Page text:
Peace Dollar Design
The design of the Peace Dollar is the work of sculptor and medalist Anthony de Francisci. Chosen through a nationwide competition, at 34 years old, de Francisci was the youngest competitor. When first released, the design included a broken sword. After an outcry of concern from the public that the damaged weapon seemed to be a symbol of defeat, the sword figure was removed from the overall design.
The Peace Dollar’s obverse showcases the head, neck and flowing hair of Lady Liberty, shown in profile with a radiant crown on her head. The portrait of Liberty seems to have been styled after the features of his wife, Teresa de Francisci. In addition to this female profile, the coin’s obverse features the phrase “In God We Trust” and the word “Liberty" in capital letters across the top edge. The mint year and artist monogram are also inscribed below the neck.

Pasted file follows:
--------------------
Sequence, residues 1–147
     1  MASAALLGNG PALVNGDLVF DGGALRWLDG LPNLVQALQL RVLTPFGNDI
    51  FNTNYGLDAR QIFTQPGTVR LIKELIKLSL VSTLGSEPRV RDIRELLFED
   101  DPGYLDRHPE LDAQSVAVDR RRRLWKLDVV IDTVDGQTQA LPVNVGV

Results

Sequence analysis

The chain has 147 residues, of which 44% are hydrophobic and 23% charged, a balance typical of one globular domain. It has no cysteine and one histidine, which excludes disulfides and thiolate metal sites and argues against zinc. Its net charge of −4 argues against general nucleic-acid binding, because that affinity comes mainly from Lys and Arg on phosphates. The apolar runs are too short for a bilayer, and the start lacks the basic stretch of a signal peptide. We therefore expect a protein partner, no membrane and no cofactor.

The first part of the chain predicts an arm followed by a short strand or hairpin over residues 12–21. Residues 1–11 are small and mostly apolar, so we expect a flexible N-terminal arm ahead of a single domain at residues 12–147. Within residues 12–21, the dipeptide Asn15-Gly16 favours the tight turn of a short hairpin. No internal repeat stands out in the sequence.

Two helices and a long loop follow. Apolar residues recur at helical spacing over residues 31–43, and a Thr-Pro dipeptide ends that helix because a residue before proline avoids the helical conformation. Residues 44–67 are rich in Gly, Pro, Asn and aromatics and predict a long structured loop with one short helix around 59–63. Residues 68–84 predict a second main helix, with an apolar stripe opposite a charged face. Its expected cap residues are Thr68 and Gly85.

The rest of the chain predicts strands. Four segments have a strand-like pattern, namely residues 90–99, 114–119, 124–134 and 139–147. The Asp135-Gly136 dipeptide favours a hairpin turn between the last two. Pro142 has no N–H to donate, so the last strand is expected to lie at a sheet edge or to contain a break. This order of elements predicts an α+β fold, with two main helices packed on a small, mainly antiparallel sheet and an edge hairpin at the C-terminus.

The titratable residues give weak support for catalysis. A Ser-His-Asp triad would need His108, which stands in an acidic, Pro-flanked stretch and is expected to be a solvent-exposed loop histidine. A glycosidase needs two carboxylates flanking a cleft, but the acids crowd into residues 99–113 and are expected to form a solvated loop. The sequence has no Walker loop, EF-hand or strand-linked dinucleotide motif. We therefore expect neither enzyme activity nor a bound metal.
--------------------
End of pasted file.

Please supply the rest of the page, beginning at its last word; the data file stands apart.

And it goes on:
The reverse features the iconic American bald eagle resting with an olive branch, long regarded as a symbol of friendship and goodwill. The bald eagle is sitting on a stone perch with beaming rays of sunlight overhead. The word “Peace” is minted along the bottom edge of the reverse, and the top edge features the inscriptions “United States of America,” “E. Pluribus Unum,” and the currency increment “One Dollar.” The original design with the aforementioned broken sword depicted a more warlike bald eagle, clutching the two pieces.